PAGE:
Another couple of months has passed since Jerry Coyne, Professor of Ecology and Evolution at the University of Chicago, made his latest claims about psychiatry and psychiatric drugs. I have dissected many of his unreasonable claims about psychiatry on two occasions previously, in Why Jerry Coyne is Wrong about Medical Psychiatry and in the follow-up post Why Jerry Coyne is Still Wrong about Antidepressants. Since I feared that Prof. Coyne had started to slide down that dangerous path into denialism and pseudoskepticism, I decided to send him an email with a few critical questions against his stance to see what he thinks about them. Could it be that he has changed his mind, or has he become frozen in his views?
The email is too long to cite in its entirely (used a lot of references and such, which can be found in the two posts linked above), so I will just summarize my 6 questions. I identified additional problems besides these six, but I feel that these are the main questions I would like to see what Prof. Coyne thinks about at this time.
1. Why does Prof. Coyne describe the mainstream explanatory model for depression as “chemical imbalance”, when most descriptions in elementary level psychology textbooks emphasize a large number of interacting biological, psychological and environmental factors that are each important in their own right?
2. Why does Prof. Coyne think that the fact that the genetics of mental illness is rife with uncertainties undermine the notion that many mental illnesses have genetic predispositions when studies on identical twins and adoption studies show that the heritability is often moderate? Surely, there is a different between knowing that a genetic predisposition exists and knowing the exact mechanism on a molecular level? To take an analogy: even though we may not have all the details of how common descent happened (is this taxon more related to that taxon than this other taxon?), we can be pretty sure of common descent.
3. Why does Prof. Coyne appeal to studies such as Kirsch et. al. (2008) to argue that antidepressants work no better than placebo, when the study actually found that antidepressants outperformed placebo, closely replicating the findings of earlier studies? The reason Kirsch drew the conclusion was due to using an arbitrary cut-off value for clinical significance (0.5) from National Institutes for Clinical Excellence that NICE no longer uses. That is like saying that just because a glass is 1/3 full (the effect size found by Kirsch was 0.32) is not 1/2 (i.e the previous standard for clinical significance set by the NICE), it must be empty (i.e. antidepressants do no better than placebo). If you still think Kirsch conclusion was reasonable, why would you not have to logically reject psychotherapy as well, as it has a lower effect size (0.22) than antidepressants?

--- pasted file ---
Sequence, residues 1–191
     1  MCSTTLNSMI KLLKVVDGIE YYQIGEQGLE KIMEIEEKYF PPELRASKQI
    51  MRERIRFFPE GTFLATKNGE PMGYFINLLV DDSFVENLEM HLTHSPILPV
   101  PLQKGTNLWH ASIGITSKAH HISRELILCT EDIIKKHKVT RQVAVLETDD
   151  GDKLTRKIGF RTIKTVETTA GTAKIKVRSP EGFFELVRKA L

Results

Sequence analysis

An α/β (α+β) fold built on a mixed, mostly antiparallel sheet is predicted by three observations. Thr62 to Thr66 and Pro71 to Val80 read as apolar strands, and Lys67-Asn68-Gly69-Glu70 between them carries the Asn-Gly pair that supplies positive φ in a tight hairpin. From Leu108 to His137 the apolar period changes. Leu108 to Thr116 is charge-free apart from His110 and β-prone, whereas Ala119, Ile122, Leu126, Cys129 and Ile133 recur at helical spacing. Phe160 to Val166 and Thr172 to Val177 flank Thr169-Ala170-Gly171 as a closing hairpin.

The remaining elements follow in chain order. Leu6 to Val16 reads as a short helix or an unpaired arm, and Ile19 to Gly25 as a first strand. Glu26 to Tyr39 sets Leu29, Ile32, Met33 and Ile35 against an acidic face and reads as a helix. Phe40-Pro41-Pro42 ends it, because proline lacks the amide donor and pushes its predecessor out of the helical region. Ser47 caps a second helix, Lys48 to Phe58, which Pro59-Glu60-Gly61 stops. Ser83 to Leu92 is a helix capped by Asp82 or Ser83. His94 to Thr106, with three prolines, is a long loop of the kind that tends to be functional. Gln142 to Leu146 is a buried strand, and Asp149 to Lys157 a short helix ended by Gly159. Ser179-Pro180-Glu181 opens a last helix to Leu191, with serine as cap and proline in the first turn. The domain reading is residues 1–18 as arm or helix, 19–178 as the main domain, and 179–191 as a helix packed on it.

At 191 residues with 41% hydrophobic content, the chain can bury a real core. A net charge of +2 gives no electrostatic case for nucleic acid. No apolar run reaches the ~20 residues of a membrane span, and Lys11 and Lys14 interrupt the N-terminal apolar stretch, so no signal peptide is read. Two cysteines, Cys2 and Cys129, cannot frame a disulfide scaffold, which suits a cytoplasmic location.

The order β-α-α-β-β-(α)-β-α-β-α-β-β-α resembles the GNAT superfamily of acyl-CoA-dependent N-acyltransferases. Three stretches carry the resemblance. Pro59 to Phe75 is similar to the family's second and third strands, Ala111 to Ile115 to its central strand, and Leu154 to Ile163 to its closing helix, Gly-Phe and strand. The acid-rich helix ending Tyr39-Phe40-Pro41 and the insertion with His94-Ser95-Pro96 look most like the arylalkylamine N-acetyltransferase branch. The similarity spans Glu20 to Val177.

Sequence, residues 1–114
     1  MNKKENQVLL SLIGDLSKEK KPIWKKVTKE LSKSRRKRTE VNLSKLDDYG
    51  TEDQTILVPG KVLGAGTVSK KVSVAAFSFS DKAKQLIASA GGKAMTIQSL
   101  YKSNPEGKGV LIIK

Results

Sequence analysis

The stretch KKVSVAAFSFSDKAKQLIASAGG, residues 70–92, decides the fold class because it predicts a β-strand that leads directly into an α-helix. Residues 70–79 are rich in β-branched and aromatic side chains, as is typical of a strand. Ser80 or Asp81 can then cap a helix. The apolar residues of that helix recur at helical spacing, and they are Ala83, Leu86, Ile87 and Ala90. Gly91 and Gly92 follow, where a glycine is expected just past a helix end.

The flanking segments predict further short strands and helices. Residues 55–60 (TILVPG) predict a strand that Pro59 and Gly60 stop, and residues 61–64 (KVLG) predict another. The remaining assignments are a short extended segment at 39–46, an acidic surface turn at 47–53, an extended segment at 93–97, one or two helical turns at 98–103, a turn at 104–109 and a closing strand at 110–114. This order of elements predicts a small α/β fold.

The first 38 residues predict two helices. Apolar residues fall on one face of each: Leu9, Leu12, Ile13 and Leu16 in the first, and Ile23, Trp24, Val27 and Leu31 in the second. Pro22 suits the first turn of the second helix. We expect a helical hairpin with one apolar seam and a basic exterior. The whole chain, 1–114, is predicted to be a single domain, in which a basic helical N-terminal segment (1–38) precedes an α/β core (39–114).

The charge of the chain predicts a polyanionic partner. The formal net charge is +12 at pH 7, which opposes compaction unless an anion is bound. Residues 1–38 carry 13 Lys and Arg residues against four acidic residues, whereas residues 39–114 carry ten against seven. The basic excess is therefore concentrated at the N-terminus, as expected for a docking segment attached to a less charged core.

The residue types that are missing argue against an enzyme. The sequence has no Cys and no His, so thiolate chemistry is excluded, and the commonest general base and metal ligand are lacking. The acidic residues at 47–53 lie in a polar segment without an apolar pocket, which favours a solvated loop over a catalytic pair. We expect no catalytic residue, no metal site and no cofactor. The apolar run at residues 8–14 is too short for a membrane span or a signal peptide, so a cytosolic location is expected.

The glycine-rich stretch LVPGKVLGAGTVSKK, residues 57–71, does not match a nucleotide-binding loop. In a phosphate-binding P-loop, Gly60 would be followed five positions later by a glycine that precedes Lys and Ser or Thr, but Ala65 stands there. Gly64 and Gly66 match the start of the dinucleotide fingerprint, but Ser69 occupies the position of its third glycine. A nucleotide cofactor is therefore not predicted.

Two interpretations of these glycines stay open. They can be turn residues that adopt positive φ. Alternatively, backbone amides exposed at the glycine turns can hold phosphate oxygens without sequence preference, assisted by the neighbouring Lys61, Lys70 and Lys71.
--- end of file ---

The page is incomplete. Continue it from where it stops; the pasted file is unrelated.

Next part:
4. If Prof. Coyne think that antidepressants outperform placebo because of their supposedly severe side effects, leading the patient to conclude that he or she is on the pharmacological active treatment leading in turn to an increased placebo effect for the experimental group, then should that not mean that newer antidepressants should be less effective in clinical trials than the older ones because the newer ones have less side effects? If so, how does Prof. Coyne explain that, in general, newer antidepressants are more effective (or at the very least, as effective) than older ones?
5. If Prof. Coyne think that antidepressants outperform placebo because of their supposedly severe side effects (per the reasoning outlined in question 5), then why do placebo groups treated with pharmacologically inactive placebo show a similar level of side effects as the experimental group, presumably due to expectations and the nocebo effect, in many different contexts?
6. Why does Prof. Coyne think that the side effects of psychotherapy “are nil”, when there exists well-documented side effects in the literature such as intense anxiety during exposure trials, Bergin’s deterioration effect, negative effects from critical incident stress debriefing, deaths resulting from rebirthing techniques in oppositional children and false memory syndrome from recovered-memory therapy?
It was a quite long email, especially with all of the sources, so there is no guarantee that Prof. Coyne feels that he has the time and interest to reply to it, but hopefully he will, and also give me permission to post and discuss his reply in future blog post. I am very interested in knowing what Prof. Coyne’s current positions on these issues are.
It is often hard to admit that one is mistaken in an area, but whatever one feels that one loses in prestige, one gains back many times over in intellectual integrity.